Another long-time Toronto councillor has decided to not seek re-election this fall.
Denzil Minnan-Wong, a member of City Council since 1998, announced the news in a July 13 note to Ward 16 residents, Mayor John Tory, and fellow councillors.
“While a difficult decision in many ways, I believe it is time for me to move on to the next stage of my life,” Minnan-Wong, who has served as Deputy Mayor since 2014, wrote.
A well-known fiscal conservative, the Don Valley East representative was elected for the first time four years before Toronto’s six boroughs were amalgamated into one city.
“I was first elected in 1994 and since then there have been many changes in the city. But in that election and each one since, I have been elected on a platform of Keeping Taxes Down,” he said.
“This concept was important then. It is important now. And while we have to adjust to changing times and needs, we must choose our priorities responsibly so that Toronto citizens aren’t burdened by ever higher taxes.”
Minnan-Wong said despite winning eight times over 28 years, he never forgot the people of his former Ward 34, which became Ward 16 in 2018 after the province reduced Toronto City Council from 44 seats to 25.
“Always my inspiration, I knew they wanted responsible government. A council that respected their tax dollars, and worked to provide quality municipal services,” he said.
In his letter, the North York councillor, who is the chair of the Civic Appointments Committee and Striking committees and Collective Bargaining Subcommittee and vice-chair of the Executive Committee, pointed to some of his accomplishments during his tenure.
They include establishing the position of City Auditor General, contracting out garbage pickup west of Yonge Street and negotiating “historic labour agreements without a strike.”
Also a member of the city’s Infrastructure Committee, the TTC and Toronto Hydro board, Minnan-Wong also said he and his team were “able to identify wasteful spending like the purchase of $12,000 umbrellas at the Waterfront. And we stopped Google from taking over Toronto’s Waterfront.”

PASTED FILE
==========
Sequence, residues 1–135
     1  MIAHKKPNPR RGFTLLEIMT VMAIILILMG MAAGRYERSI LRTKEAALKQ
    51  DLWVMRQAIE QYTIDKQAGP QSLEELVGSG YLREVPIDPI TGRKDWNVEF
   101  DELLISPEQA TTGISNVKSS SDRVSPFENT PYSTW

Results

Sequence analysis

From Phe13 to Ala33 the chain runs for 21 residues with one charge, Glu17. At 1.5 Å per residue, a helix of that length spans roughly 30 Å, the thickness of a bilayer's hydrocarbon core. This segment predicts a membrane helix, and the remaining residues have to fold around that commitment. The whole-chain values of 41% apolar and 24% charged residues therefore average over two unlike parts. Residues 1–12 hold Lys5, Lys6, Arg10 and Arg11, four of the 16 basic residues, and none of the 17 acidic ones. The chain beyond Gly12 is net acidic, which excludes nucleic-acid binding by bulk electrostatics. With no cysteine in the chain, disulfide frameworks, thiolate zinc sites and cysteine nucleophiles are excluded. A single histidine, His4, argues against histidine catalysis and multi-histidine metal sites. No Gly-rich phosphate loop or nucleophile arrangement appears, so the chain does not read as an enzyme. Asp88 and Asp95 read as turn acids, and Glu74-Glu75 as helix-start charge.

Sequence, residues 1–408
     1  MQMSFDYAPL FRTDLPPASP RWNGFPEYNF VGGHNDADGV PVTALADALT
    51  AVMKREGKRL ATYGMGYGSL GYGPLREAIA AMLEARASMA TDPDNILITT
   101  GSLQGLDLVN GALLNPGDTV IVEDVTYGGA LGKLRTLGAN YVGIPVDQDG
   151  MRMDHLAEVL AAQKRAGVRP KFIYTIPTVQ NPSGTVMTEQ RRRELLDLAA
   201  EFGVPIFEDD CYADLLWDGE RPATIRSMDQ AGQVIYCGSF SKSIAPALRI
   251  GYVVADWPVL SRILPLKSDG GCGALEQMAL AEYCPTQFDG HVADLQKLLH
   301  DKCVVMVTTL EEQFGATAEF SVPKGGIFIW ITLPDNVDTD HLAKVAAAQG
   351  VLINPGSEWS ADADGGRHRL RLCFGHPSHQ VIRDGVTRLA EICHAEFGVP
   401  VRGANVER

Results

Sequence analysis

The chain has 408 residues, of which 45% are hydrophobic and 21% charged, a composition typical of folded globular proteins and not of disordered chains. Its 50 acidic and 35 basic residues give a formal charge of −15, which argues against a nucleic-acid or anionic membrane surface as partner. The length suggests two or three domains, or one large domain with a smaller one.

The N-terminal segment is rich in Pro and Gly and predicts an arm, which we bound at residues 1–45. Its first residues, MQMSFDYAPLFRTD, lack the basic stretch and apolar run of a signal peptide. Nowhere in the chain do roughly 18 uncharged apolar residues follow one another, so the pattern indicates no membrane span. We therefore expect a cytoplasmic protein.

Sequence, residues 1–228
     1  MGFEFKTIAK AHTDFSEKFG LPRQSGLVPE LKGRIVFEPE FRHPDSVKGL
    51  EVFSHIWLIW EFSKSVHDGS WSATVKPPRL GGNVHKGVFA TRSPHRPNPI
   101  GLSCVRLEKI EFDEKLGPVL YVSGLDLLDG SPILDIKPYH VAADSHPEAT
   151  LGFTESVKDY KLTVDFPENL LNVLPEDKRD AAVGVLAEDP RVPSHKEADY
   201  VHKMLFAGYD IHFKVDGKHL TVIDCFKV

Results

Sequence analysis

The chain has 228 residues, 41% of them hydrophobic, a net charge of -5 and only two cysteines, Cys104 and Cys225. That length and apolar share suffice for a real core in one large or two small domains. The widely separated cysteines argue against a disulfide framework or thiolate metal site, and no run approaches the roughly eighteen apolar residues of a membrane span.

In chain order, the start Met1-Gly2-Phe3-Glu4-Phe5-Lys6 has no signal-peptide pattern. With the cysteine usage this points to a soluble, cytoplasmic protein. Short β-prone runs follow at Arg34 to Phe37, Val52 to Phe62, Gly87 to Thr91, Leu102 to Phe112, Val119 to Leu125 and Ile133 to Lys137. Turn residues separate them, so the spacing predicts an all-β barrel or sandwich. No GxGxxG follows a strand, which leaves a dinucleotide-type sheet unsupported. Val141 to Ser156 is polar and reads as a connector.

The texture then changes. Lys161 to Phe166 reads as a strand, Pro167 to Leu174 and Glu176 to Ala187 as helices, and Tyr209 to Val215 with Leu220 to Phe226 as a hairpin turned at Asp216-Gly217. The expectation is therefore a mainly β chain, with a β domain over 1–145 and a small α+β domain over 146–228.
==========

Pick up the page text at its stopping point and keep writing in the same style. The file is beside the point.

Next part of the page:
Further, Minnan-Wong mentioned his efforts to save the Gardiner Expressway, develop Toronto’s first congestion management plan, implement the first separated bike lanes in the south downtown, and save the Bixi bike program.
“As a TTC Commissioner I played a leadership role in the introduction of electric buses to the TTC fleet,” he said, adding locally he’s especially proud of the extension of the East Don Trail and the approval of the Don Mills Community Centre, which is Toronto’s largest community centre.
“I am also pleased that we are working as a community within the ward to address road safety issues in logical ways,” he said.
As a Toronto councillor, Minnan-Wong said he always “tried to represent the homeowner and tenant alike.”
“In this regard, I remain a proud and unapologetic defender of property owners’ rights. The next Council needs to listen and show a greater sensitivity toward property owners and their communities,” he said, adding moving forward he hopes council will invest more in roads, pay more attention to parks, tackle graffiti issues, and not allow rooming houses in residential neighbourhoods “without proper, thorough, and authentic consultation.”
Other long-serving councillors who have decided to not seek re-election this year include John Filion (Ward 18, Willowdale) and Ana Bailão (Ward 9, Davenport).
Three other incumbent councillors also vacated their seats in recent months.
Former Toronto Board of Health Chair Joe Cressy left his job as the Spadina–Fort York councillor in April to pursue a new career at George Brown College. Cressy announced he would not be seeking re-election back in October 2021.
Ward 13 Coun. Kristyn Wong-Tam also resigned earlier this year to run for the provincial New Democratic Party in Toronto Centre, which she won in last month’s election.
The Etobicoke North seat previously held by Michael Ford is also open as he was elected as the MPP for York South-Weston.
Candidates have until August 19 to sign up to run for Toronto mayor or city councillor. The city’s 2022 municipal election will be held on October 24.